The Year Ahead
Has China Decided That ‘Moderately Prosperous’ Is Good Enough?
As China’s growth model sputters and Xi Jinping prioritizes repression over reform, China looks unlikely to join the ranks of developed countries.
China has a new set of economic goals—and they’re far less ambitious than those of past decades. In October, when the Central Committee of the Chinese Communist Party (CCP) met to endorse President Xi Jinping’s agenda for the 14th five-year plan, the communique included a little-noticed second item: a statement that China would “basically achieve socialist modernization” by 2035 in order to finally “reach the level of moderately developed countries.” China’s admirers and detractors alike might be forgiven for thinking that the country was moderately developed already. What this vague new language seems to suggest is Beijing’s admission that its current growth model has run into what old-style communists might call internal contradictions.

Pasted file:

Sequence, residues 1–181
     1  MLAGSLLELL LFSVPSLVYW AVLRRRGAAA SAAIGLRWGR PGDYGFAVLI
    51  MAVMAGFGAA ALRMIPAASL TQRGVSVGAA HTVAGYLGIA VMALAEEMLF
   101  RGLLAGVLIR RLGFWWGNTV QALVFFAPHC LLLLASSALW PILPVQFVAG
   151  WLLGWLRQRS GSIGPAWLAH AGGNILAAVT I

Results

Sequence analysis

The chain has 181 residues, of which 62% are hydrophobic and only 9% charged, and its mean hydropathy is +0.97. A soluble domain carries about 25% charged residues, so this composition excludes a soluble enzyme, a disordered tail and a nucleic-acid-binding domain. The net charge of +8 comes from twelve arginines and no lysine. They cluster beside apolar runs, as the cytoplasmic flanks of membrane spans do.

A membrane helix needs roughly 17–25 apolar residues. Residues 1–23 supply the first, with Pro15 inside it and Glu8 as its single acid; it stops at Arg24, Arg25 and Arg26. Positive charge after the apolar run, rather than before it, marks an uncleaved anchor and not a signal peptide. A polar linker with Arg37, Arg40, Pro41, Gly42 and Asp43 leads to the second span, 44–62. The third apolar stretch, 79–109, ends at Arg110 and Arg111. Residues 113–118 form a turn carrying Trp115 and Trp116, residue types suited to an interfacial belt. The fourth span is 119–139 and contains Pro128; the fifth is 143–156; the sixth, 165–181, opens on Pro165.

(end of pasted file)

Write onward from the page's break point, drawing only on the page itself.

Like everything else that comes out of the Central Committee, China’s vision is Xi’s vision. He first floated his goals for 2035 in a party congress speech three years ago and has now enshrined them in doctrine. In Xi’s vision, China’s economy will reach a “new level”—but so will the government’s capacity to monitor and control it. And that marks a crucial change in priorities: Although Xi cares about growth as his predecessors did, he cares about control much, much more. For four decades after opening to the world in 1978, China pursued economic growth at all costs, even if it meant gradually loosening the CCP’s grip on power through decentralization and liberalization. Not anymore.